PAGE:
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A bunch of comedic misadventures surround an army training camp office.
One of the best of M & L. One reason is a clever script adapted from a stage play. That means better than usual comedic lines, and also that Lewis's mugging isn't the only funny element. Unlike his later films, Lewis complements the laughs here instead of monopolizing them. Also, Martin gets to warble a few tunes in his smooth baritone. I especially like the record-booth duet with Polly Bergen that's really quite charming. And I wonder what happened to the quite talented Jean Ruth as the befuddled Millie who can't seem to decide where she works or whom she's dating. Ruth shows a lot of comedic spark in the role, but appears to have left the industry soon after. Too bad.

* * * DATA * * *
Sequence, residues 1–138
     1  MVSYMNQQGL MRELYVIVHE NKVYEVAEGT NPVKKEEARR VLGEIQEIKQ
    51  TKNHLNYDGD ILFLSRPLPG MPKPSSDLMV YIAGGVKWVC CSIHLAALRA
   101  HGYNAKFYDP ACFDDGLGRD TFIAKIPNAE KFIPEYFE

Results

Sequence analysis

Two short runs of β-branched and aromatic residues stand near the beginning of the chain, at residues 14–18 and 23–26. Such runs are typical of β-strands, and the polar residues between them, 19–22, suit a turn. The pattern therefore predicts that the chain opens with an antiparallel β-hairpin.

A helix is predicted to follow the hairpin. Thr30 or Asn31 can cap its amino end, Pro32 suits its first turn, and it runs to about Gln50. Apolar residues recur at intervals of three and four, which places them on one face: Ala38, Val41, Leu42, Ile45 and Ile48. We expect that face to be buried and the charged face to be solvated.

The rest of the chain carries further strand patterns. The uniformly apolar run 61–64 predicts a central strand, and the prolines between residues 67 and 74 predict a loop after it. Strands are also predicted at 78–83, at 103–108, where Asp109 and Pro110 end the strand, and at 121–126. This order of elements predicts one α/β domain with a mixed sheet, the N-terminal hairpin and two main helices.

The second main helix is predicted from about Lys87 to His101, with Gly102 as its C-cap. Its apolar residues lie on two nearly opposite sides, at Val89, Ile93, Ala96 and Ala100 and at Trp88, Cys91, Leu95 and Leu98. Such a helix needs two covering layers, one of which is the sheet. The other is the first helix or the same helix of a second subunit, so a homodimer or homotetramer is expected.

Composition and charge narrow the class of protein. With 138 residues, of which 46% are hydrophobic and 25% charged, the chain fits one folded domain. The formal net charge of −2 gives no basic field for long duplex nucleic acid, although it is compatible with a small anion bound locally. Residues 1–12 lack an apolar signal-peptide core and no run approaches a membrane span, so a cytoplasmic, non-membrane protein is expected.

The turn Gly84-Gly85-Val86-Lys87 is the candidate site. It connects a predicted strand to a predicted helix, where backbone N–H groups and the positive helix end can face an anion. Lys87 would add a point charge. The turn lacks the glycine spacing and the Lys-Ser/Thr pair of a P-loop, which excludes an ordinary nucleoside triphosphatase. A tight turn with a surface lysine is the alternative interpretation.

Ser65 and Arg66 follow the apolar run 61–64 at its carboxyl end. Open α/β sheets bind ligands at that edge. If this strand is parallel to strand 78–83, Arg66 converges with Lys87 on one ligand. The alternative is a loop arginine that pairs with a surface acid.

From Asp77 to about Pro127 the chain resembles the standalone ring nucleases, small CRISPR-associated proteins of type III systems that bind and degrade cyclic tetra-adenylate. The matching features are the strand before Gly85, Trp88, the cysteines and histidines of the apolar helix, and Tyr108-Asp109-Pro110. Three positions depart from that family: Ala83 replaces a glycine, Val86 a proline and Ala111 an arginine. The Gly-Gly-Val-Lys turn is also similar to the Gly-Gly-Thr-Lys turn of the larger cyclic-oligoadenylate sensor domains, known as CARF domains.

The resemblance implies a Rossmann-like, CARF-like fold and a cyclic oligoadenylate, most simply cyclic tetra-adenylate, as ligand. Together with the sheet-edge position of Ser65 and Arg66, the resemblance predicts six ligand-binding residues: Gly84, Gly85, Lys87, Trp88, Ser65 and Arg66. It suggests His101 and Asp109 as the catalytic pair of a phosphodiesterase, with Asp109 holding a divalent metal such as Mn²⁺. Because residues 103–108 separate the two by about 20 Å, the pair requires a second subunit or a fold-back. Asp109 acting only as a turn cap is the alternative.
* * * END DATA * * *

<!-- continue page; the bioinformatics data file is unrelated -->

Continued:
Not everything is roses. Being an ex-stage play means the story is pretty much confined to a single set with characters rushing in and out. Keeping up with the diverse lot may require a scorecard. Of course, there's nothing new about the comedic potential of misfits in the military, and this one was followed by several more M&L entries in a similar vein. Anyway, the act here in their first film is still, fresh, energetic and funny.
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